Properly protecting the R objects you allocate is extremely important! Improper protection leads to difficulty diagnosing errors, typically segfaults, but other corruption is possible as well. In general, if you allocate a new R object, you must PROTECT it.

If you run dummy() a few times, you’ll notice the output varies. This is because allocVector() assigns memory to each output, but it doesn’t clean it out first. For real functions, you may want to loop through each element in the vector and set it to a constant. The most efficient way to do that is to use memset():

zeroes <- cfunction(c(n_ = "integer"), '
  int n = asInteger(n_);

  SEXP out = PROTECT(allocVector(INTSXP, n));
  memset(INTEGER(out), 0, n * sizeof(int));
  UNPROTECT(1);

  return out;
')
zeroes(10);
#>  [1] 0 0 0 0 0 0 0 0 0 0

Missing and non-finite values

Each atomic vector has a special constant for getting or setting missing values:

  • INTSXP: NA_INTEGER
  • LGLSXP: NA_LOGICAL
  • STRSXP: NA_STRING

Missing values are somewhat more complicated for REALSXP because there is an existing protocol for missing values defined by the floating point standard (IEEE 754). In doubles, an NA is NaN with a special bit pattern (the lowest word is 1954, the year Ross Ihaka was born), and there are other special values for positive and negative infinity. Use ISNA(), ISNAN(), and !R_FINITE() macros to check for missing, NaN, or non-finite values. Use the constants NA_REAL, R_NaN, R_PosInf, and R_NegInf to set those values.

We can use this knowledge to make a simple version of is.NA():

is_na <- cfunction(c(x = "ANY"), '
  int n = length(x);

  SEXP out = PROTECT(allocVector(LGLSXP, n));

  for (int i = 0; i < n; i++) {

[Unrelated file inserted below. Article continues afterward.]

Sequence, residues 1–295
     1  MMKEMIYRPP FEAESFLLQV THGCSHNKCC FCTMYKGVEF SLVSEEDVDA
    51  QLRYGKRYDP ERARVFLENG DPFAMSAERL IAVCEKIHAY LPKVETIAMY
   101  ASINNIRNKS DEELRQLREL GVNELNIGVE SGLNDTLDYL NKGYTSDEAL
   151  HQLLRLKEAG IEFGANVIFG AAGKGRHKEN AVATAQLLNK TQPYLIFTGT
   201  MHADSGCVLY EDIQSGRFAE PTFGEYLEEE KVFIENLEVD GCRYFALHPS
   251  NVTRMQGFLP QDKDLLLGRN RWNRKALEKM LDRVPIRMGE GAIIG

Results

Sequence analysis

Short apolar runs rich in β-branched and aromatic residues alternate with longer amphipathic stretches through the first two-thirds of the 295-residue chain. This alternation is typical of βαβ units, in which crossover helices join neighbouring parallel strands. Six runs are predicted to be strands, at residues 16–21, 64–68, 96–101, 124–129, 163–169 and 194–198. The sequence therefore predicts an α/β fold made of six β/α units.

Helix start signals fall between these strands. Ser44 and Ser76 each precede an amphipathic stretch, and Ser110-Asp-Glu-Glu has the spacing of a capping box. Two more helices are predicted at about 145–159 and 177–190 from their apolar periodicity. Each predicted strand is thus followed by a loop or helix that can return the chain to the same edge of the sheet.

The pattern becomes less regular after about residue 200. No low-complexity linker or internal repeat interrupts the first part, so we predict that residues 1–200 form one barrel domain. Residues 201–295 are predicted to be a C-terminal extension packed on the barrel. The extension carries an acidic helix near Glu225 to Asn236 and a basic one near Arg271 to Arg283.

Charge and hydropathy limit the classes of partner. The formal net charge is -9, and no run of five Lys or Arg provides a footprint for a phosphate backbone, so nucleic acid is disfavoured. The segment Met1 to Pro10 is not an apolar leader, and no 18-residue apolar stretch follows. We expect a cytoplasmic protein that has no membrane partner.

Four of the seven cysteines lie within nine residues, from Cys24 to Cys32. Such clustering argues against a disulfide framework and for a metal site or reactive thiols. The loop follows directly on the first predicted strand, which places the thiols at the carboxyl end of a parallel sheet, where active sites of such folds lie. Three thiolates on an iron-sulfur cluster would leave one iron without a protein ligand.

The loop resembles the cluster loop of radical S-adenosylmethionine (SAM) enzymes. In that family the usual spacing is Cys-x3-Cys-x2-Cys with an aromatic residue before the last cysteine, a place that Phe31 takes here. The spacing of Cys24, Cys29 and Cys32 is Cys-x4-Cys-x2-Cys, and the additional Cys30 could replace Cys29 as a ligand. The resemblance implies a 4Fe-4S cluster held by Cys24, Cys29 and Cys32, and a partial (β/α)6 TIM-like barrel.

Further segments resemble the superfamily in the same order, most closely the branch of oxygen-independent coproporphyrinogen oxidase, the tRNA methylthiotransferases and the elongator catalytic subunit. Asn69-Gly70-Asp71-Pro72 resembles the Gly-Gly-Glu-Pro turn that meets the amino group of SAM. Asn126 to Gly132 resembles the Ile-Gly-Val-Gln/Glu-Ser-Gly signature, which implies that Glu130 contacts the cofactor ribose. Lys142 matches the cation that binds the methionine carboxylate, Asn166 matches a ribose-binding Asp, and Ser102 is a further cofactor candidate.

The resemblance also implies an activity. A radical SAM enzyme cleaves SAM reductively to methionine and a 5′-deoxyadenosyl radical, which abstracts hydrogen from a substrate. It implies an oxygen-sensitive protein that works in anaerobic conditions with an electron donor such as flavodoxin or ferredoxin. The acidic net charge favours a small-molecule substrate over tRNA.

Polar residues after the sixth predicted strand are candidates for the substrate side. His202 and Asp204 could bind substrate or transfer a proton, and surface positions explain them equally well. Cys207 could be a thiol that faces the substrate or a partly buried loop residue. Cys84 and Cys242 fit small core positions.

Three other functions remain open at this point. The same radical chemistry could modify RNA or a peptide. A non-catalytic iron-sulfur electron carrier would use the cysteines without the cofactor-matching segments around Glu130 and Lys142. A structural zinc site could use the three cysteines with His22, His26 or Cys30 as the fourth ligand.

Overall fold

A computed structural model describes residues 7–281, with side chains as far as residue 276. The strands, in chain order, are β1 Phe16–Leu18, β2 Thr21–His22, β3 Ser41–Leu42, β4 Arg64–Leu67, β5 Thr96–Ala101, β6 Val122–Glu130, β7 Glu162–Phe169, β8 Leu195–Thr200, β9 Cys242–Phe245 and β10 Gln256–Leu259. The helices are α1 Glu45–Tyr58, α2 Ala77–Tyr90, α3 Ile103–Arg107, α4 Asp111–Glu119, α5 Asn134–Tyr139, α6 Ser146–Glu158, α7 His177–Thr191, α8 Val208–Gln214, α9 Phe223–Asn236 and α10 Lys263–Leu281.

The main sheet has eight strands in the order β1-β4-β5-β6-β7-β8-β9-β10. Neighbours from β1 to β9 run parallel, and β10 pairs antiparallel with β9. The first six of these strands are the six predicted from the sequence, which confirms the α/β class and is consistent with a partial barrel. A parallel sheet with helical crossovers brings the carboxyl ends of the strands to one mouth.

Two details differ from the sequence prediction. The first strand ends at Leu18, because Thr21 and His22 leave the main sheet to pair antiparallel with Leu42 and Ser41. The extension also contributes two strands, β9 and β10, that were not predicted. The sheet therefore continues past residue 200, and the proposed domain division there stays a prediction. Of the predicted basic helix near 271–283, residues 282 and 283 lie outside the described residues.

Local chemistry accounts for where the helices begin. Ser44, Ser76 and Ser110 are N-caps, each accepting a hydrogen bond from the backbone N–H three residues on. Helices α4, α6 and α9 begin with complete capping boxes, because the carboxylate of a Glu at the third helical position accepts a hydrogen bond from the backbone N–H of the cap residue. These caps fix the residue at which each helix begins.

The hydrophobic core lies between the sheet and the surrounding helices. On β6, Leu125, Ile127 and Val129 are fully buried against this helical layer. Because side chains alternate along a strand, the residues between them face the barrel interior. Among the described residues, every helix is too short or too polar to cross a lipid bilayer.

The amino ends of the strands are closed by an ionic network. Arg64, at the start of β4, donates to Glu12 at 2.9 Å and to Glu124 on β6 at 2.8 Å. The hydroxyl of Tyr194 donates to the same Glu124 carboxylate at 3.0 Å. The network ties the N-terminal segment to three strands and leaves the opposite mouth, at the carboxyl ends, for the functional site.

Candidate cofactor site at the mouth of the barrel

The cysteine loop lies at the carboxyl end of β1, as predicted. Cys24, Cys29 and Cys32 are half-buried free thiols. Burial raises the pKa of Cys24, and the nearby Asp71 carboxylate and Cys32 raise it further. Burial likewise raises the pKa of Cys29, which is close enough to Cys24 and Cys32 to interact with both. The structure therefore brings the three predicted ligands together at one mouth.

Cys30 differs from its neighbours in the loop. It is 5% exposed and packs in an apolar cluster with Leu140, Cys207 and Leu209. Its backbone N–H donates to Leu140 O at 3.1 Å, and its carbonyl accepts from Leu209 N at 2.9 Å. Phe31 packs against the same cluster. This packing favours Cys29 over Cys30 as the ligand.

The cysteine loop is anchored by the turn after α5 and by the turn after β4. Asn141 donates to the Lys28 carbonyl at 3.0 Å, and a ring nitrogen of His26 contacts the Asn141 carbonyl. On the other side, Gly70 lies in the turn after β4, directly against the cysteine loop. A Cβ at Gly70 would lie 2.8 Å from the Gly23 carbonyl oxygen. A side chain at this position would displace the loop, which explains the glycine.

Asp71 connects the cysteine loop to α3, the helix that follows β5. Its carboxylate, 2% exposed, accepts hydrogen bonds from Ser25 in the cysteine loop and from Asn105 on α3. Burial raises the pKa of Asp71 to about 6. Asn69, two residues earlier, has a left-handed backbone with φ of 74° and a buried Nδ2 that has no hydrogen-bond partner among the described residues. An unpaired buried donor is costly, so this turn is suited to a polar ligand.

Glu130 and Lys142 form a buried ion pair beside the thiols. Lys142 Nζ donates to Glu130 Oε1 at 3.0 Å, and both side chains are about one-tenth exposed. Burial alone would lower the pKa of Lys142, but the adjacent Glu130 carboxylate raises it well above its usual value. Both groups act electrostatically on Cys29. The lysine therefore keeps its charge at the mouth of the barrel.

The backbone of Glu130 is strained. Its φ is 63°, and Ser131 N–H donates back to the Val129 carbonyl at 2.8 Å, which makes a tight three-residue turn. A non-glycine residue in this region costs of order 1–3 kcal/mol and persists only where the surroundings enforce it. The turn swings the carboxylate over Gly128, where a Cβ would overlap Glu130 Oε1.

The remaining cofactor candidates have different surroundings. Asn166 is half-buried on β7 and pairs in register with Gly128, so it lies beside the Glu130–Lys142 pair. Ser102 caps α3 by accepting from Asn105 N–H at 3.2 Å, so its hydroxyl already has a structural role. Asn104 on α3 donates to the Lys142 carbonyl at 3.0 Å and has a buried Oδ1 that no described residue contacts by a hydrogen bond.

switch(TYPEOF(x)) {
      case LGLSXP:
        LOGICAL(out)[i] = (LOGICAL(x)[i] == NA_LOGICAL);
        break;
      case INTSXP:
        LOGICAL(out)[i] = (INTEGER(x)[i] == NA_INTEGER);
        break;
      case REALSXP:
        LOGICAL(out)[i] = ISNA(REAL(x)[i]);
        break;
      case STRSXP:
        LOGICAL(out)[i] = (STRING_ELT(x, i) == NA_STRING);
        break;
      default:
        LOGICAL(out)[i] = NA_LOGICAL;
    }
  }
  UNPROTECT(1);

  return out;
')
is_na(c(NA, 1L))
#> [1]  TRUE FALSE
is_na(c(NA, 1))
#> [1]  TRUE FALSE
is_na(c(NA, "a"))
#> [1]  TRUE FALSE
is_na(c(NA, TRUE))
#> [1]  TRUE FALSE

Note that base::is.na() returns TRUE for both NA and NaNs in a numeric vector, as opposed to the C ISNA() macro, which returns TRUE only for NA_REALs.

Accessing vector data

There is a helper function for each atomic vector that allows you to access the C array which stores the data in a vector. Use REAL(), INTEGER(), LOGICAL(), COMPLEX(), and RAW() to access the C array inside numeric, integer, logical, complex, and raw vectors. The following example shows how to use REAL() to inspect and modify a numeric vector:

add_one <- cfunction(c(x = "numeric"), "
  int n = length(x);
  SEXP out = PROTECT(allocVector(REALSXP, n));
  
  for (int i = 0; i < n; i++) {
    REAL(out)[i] = REAL(x)[i] + 1;
  }
  UNPROTECT(1);

  return out;
")
add_one(as.numeric(1:10))
#>  [1]  2  3  4  5  6  7  8  9 10 11

When working with longer vectors, there’s a performance advantage to using the helper function once and saving the result in a pointer:

add_two <- cfunction(c(x = "numeric"), "
  int n = length(x);
  double *px, *pout;

  SEXP out = PROTECT(allocVector(REALSXP, n));

  px = REAL(x);
  pout = REAL(out);
  for (int i = 0; i < n; i++) {
    pout[i] = px[i] + 2;
  }
  UNPROTECT(1);

  return out;
")
add_two(as.numeric(1:10))
#>  [1]  3  4  5  6  7  8  9 10 11 12

library(microbenchmark)
x <- as.numeric(1:1e6)
microbenchmark(
  add_one(x),
  add_two(x)
)
#> Unit: milliseconds
#>        expr      min        lq      mean    median       uq      max neval
#>  add_one(x) 9.893140 13.327071 15.474533 13.478706 17.11441 70.55136   100
#>  add_two(x) 4.353291  7.381123  9.585267  7.631748 11.16234 63.89581   100

On my computer, add_two() is about twice as fast as add_one() for a million element vector. This is a common idiom in base R.

Character vectors and lists

Strings and lists are more complicated because the individual elements of a vector are SEXPs, not basic C data structures. Each element of a STRSXP is a CHARSXPs, an immutable object that contains a pointer to C string stored in a global pool. Use STRING_ELT(x, i) to extract the CHARSXP, and CHAR(STRING_ELT(x, i)) to get the actual const char* string. Set values with SET_STRING_ELT(x, i, value). Use mkChar() to turn a C string into a CHARSXP and mkString() to turn a C string into a STRSXP. Use mkChar() to create strings to insert in an existing vector, use mkString() to create a new (length 1) vector.